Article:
November 14 is observed globally as World diabetes day, a global awareness campaign focusing on the rapidly growing disease.
The Gauteng department of health is expected to join the global movement to switch on the blue lights at its facilities.
This is to symbolise its commitment to the campaign against the disease.
The commitment is to raise awareness about diabetes and highlight the importance of prevention, management, and support.
The MEC for health and wellness Nomantu Nkomo-Ralehoko, joined by deputy minister of health Sibongiseni Dhlomo, will turn on the “blue lights” at the Chris Hani Baragwanath Academic Hospital in Soweto.
Nkomo-Ralehoko explained: “The lighting of our buildings blue is part of a continuous campaign to encourage residents to seek help.
“We also encourage them to understand their risk factors for diabetes.”
Why Blue Lights
According to the department, the blue circle is the global symbol for diabetes awareness
and the logo of World Diabetes Day.
In a statement, the department said: “There are many ways you can help promote the global symbol of diabetes awareness.
“Wear blue for diabetes. Wear the blue circle pin or bracelet.”
Researchers are concerned about the unrecognised cases of millions of diabetes patients in South Africa.
They say it’s only worsening the health situation in the country that is already struggling with HIV and tuberculosis.
Increasing rates of diseases
However, over the past few years death rates in South Africa have slightly declined.
But the country faces a steady rise in both death and disability.
These are caused by an increase in non-communicable diseases such as diabetes and cancer.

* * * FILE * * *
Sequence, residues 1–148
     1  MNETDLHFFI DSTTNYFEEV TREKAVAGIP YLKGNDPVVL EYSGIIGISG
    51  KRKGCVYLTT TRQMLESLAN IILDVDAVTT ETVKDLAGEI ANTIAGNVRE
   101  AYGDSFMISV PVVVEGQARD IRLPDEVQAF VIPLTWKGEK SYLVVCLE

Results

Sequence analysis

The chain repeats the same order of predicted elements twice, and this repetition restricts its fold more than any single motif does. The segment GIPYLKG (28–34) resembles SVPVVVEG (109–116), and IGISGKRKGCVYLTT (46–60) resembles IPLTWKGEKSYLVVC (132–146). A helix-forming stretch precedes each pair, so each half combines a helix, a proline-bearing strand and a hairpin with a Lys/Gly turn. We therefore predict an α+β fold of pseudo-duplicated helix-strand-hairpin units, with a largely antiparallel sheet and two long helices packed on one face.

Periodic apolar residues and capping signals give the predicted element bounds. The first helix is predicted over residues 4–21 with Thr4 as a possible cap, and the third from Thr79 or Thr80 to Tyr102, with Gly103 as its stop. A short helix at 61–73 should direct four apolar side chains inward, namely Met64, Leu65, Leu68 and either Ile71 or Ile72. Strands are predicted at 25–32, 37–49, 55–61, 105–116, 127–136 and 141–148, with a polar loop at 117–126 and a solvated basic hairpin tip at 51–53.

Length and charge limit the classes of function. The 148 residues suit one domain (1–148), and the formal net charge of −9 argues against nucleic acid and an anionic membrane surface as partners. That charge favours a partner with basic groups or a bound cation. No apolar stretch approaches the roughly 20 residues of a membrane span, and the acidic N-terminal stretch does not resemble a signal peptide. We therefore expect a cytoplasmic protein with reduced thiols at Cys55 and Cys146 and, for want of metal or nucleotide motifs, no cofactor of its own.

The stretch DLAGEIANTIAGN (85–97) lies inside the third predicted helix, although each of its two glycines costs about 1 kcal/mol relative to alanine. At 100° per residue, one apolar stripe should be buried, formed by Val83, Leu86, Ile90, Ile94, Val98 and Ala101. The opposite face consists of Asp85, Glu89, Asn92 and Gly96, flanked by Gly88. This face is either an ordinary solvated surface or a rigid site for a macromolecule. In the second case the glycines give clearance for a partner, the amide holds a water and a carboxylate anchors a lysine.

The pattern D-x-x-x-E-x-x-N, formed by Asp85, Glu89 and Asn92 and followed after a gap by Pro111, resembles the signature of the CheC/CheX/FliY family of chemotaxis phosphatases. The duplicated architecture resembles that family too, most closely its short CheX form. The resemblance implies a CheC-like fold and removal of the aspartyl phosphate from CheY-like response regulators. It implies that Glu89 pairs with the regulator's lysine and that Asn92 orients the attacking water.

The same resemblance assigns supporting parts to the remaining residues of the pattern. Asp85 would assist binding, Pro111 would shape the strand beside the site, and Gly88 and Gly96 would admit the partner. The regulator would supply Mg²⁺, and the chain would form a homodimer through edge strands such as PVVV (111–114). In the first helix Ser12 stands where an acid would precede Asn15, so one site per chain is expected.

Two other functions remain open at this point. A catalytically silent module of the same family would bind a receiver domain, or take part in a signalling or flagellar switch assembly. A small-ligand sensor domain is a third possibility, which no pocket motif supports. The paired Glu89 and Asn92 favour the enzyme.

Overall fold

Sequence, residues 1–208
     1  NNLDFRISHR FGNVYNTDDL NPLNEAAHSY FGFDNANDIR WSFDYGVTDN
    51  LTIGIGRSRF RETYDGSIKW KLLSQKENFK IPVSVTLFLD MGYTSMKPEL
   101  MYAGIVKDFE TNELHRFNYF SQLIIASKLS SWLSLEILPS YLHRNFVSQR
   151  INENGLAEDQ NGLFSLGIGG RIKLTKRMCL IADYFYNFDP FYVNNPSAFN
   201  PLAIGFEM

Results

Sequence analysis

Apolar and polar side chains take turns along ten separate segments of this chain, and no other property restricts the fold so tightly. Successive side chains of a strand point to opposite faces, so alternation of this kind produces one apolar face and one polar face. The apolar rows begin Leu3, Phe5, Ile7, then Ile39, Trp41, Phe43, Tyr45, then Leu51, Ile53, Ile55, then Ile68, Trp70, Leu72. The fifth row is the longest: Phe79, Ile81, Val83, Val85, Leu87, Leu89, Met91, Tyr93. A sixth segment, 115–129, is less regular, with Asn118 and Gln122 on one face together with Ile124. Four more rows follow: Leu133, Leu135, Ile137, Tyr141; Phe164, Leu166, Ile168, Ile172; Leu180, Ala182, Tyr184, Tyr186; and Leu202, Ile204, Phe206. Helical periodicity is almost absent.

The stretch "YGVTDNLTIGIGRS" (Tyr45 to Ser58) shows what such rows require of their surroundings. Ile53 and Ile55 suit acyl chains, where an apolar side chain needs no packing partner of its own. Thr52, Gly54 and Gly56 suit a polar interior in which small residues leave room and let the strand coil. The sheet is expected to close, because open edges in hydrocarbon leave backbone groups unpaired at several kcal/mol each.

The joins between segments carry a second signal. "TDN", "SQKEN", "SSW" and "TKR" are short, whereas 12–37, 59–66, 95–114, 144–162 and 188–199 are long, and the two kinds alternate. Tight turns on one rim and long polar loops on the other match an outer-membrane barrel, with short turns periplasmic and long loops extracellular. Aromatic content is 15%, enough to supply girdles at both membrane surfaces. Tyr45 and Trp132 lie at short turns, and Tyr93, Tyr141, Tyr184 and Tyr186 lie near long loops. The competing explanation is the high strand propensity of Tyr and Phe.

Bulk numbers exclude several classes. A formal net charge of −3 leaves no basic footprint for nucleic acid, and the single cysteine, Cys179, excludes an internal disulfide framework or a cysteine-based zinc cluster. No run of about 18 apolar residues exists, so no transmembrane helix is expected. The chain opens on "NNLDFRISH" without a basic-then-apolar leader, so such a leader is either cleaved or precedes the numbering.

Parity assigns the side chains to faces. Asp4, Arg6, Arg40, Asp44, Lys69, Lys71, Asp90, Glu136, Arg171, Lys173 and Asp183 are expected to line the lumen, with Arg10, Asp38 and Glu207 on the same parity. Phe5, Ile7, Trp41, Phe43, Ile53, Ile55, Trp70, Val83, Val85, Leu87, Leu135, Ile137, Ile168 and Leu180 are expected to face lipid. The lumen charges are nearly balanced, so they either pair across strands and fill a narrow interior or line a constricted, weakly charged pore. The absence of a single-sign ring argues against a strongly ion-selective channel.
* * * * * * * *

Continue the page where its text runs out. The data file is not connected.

Non-communicable diseases adds to the list of the contributors to the cause of an estimated 71% of deaths globally.
This is according to the NCD Alliance, a civil society network.
A great handful of these deaths, standing at 85%, take place in lower and middle income countries.
In South Africa, according to Statistics South Africa, there was an increase of 58% in deaths from non-communicable diseases from 1997 to 2018.
Second leading cause of death
This has highlighted that diabetes stands at the second leading causes of death, with tuberculosis at number 1.
Diabetes affects 12% of the adult population, causing damage to individuals’ health and livelihoods, and to the national fiscus.
The direct cost of diabetes to South Africa’s health system is R2.7-billion.
That is only for those patients who are diagnosed. It does not factor in the indirect costs of loss of jobs and income.
Some 4.2-million South Africans or one in nine are estimated to have diabetes, according to the International Diabetes Federation for 2021.
A great deal of these individuals, 45%, are still undiagnosed.
More than 7.4-million South Africans may have diabetes by 2045, which would be the greatest prevalence in sub-Saharan Africa.
Leading cause of death for women
In South Africa, the condition is also the leading cause of death for women.
It is also the second leading cause of death for both men and women.
About half of diabetics are unaware that they are affected. 2019 saw 89,834 diabetes-related fatalities.
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